Appreciating Loonie, Canada's Catch-22 Source: The Financial Post Over the past month, the Canadian dollar has risen to 97 U.S. cents because of a devaluing of the U.S. dollar and very strong domestic job creation. In the past, this level of appreciation has not lasted for long, but this time experts expect the loonie to remain strong for sometime. Goldman Sachs predicts that the Canadian and U.S. dollars will become equal in the next three months . A strong currency is a double-edged sword for Canada. On one hand, strong currency traditionally denotes a stronger and less risky economy. On the other hand, one third of its economy is tied to exports. A stronger currency means exports would become more expensive and less attractive. In fact, The Canadian Manufacturers and Exporters estimates that for every 1% increase in currency, its members lose $2 billion in sales and for every 1 U.S. cent increase in currency, it sheds 25,000 jobs . The rise of the currency could slow growth in the economy and will almost certainly do so in those industries that rely heavily on exporting .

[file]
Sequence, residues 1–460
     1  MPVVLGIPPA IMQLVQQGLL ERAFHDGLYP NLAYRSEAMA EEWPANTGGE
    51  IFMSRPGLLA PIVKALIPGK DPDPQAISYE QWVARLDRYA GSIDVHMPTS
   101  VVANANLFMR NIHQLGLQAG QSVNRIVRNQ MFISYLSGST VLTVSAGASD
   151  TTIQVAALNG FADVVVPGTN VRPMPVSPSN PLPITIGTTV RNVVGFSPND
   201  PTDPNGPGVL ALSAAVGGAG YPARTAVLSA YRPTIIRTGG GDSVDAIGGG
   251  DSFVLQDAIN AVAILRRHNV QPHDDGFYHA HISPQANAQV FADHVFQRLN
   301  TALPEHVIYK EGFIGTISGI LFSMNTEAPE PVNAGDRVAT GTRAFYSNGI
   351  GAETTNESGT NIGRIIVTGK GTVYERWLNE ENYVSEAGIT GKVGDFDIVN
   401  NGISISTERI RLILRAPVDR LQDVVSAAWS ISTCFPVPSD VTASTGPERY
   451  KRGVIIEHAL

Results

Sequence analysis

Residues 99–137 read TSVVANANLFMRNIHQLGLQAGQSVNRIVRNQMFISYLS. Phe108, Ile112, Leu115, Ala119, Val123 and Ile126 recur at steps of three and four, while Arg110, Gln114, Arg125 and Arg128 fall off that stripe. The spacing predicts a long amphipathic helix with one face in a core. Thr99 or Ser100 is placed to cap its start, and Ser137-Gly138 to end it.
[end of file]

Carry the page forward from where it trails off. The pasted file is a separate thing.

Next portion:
Bank of Canada Holds Firm Source: Bank of Canada , The Financial Post A string of good news on the economy combined with Australia’s recent increase in policy interest rate created some speculation that the Bank of Canada may raise interest rates sooner than anticipated. The bank held firm to its conditional commitment to keep rates at current level until June 2010. Earlier this month, Australia made an unexpected move to increase its policy rate from 3 to 3.25 percent. Australia has a sound banking system, a hot housing market, and strong demand for commodities from China. Although Canada’s economy also deals heavily in commodities, 70 percent of its exports go south of the border and end up in the United States. The slow and potentially bumpy recovery in the United States, combined with a stronger currency, will potentially temper Canada’s growth and inflation. These factors are acting somewhat like an increase in interest rates and will allow the Bank of Canada to hold firm to its conditional commitment.